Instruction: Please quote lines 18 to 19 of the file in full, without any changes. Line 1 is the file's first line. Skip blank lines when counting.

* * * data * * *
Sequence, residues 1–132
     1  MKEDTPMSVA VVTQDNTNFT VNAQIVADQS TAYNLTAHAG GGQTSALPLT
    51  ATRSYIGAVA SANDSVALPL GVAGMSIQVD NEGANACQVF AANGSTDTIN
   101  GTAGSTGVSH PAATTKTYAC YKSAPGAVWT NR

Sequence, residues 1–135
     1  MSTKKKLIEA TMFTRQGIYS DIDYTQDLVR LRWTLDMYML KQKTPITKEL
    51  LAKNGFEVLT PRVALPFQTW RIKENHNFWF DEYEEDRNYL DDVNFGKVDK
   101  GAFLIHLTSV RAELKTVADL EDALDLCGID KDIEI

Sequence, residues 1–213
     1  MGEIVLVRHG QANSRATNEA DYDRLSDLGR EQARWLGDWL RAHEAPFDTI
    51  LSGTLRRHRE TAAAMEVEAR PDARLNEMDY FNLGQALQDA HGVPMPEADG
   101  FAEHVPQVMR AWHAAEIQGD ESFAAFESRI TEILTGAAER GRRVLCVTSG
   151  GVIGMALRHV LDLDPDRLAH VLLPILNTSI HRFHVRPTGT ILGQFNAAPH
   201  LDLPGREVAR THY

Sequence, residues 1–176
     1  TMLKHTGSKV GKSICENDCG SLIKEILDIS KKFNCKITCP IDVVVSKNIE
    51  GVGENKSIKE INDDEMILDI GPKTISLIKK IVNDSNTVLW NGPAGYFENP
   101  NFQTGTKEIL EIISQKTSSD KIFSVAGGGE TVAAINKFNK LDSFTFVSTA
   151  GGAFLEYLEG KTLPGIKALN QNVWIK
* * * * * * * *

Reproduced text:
   101  NFQTGTKEIL EIISQKTSSD KIFSVAGGGE TVAAINKFNK LDSFTFVSTA
   151  GGAFLEYLEG KTLPGIKALN QNVWIK